Benkler appeared in the documentary film Steal This Film, which is available through Creative Commons. He discussed various issues, including: how the changing cost structures in film and music production are enabling new stratums of society to create.[12]

Benkler is a strong proponent of WikiLeaks, characterizing it as a prime example of non-traditional media filling a public watchdog role left vacant by traditional news outlets.[13] In a draft paper written for the Harvard Civil Rights-Civil Liberties Law Review in February 2011, he uses governmental vilification and prosecution of Wikileaks as a case study demonstrating the need for more robust legal protection for independent media.[14]

In August 2011, Benkler was a keynote speaker at the Wikimania conference in Haifa, Israel.[15] That same August,[16] Benkler's latest book on social cooperation online and off, titled The Penguin and the Leviathan: How Cooperation Triumphs over Self-Interest, was published. Benkler discussed this book at a lecture given at Harvard on October 18, 2011.[17]

Benkler contributed the essay "Complexity and Humanity" to the Freesouls book project, which discusses the human element in production and technology.[18]


See also


  1. ^ Benkler bio
  2. ^ Board and Advisory Board Archived 2010-10-16 at the Wayback Machine Sunlight Foundation, February 14, 2011
  3. ^ Yochai Benkler receives Ford Foundation Visionaries Award on
  4. ^
  5. ^ Steven Johnson (September 21, 2012). "The Internet? We Built That". New York Times. Retrieved 2012-09-24. The Harvard legal scholar Yochai Benkler has called this phenomenon 'commons-based peer production'.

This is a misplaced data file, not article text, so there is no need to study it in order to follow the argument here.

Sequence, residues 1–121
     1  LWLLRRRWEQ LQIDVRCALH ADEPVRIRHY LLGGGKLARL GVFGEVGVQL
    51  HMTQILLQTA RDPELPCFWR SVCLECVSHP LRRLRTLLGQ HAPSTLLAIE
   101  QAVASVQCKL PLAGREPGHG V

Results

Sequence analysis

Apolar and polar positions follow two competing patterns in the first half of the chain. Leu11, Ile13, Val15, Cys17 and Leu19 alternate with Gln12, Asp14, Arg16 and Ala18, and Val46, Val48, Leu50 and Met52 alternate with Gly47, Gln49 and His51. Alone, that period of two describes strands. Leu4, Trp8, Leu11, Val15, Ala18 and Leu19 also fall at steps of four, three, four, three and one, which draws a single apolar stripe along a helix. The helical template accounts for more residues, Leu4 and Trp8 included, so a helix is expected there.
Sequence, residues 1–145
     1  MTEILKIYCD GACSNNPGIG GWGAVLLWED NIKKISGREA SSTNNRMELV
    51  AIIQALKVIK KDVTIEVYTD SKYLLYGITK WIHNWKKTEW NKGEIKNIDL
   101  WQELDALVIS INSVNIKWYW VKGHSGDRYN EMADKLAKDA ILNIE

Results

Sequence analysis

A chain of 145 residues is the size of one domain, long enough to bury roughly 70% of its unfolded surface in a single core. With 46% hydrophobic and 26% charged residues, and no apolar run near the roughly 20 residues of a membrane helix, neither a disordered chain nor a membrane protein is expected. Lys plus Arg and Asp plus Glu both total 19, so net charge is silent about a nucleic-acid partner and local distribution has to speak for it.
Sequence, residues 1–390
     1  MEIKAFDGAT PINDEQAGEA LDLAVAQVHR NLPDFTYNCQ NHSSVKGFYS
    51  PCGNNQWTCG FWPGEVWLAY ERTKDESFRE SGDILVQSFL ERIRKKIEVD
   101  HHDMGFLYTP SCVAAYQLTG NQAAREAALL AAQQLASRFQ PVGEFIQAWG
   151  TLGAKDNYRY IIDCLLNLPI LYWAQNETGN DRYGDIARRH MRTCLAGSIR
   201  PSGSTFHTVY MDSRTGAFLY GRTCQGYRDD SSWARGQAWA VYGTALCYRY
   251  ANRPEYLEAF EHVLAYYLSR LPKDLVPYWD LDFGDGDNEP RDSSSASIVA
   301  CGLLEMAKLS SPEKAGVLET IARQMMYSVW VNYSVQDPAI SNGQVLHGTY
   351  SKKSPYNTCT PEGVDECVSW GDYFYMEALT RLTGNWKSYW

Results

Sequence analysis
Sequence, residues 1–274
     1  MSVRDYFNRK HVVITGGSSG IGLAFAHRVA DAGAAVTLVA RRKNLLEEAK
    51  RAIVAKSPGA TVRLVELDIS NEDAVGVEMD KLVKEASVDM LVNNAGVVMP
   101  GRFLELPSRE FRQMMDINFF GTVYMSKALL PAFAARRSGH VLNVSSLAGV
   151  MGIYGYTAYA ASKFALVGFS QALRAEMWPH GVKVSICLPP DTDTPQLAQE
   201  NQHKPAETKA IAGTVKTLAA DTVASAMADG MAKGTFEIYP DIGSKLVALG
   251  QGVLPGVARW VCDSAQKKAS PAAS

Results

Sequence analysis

6. ^ Benkler, Yochai (2006). The Wealth of Networks: How Social Production Transforms Markets and Freedom. New Haven, Conn: Yale University Press. p. 3. ISBN 0-300-11056-1.
  7. ^ Benkler, Yochai (2006). The Wealth of Networks: How Social Production Transforms Markets and Freedom. New Haven, Conn: Yale University Press. ISBN 0-300-11056-1.
  8. ^ Benkler, Y. (2011). "The unselfish gene". Harvard Business Review. 89 (7–8): 76–85, 164. Bibcode:2011NewSc.211Q..32H. doi:10.1016/S0262-4079(11)62212-4. PMID 21800472.
  9. ^ Benkler, Yochai; Faris, Robert; Roberts, Hal (October 15, 2018). Network Propaganda: Manipulation, Disinformation and Radicalization in American Politics. Oxford University Press. ISBN 978-0190923631.
  10. ^ Benkler, Yochai (2006). The Wealth of Networks: How Social Production Transforms Markets and Freedom. New Haven, Conn: Yale University Press. ISBN 0-300-11056-1.
  11. ^ Benkler, Yochai (2002) Coase's Penguin, or, Linux and the Nature of the Firm. Archived 2010-10-10 at the Wayback Machine The Yale Law Journal 112(3): 429
  12. ^ Conflicts in cultural production
  13. ^
  14. ^
  15. ^ Israel hosts Wikimania 2011 
  16. ^ "The Penguin and the Leviathan: How Cooperation Triumphs over Self-Interest".
  17. ^ The Penguin and the Leviathan: How Cooperation Triumphs over Self-Interest on (October 8, 2011)
  18. ^ Complexity and Humanity, Yochai Benkler
  19. ^ Donald McGannon Award for Social and Ethical Relevance in Communications Policy Research from The McGannon Center
  20. ^ IP3 Awards Winners Announced from Public Knowledge
  21. ^ Press release March 2007 of Electronic Frontier Foundation
  22. ^ CITASA Book Award Archived 2012-11-24 at the Wayback Machine from American Sociological Association
  23. ^ Science, Technology, and Environmental Politics Section Don K. Price Award Winners from American Political Science Association
  24. ^ Twelve Social Change Visionaries Are Honored by the Ford Foundation Archived 2011-11-02 at the Wayback Machine on

External links

This page was last edited on 16 March 2021, at 06:31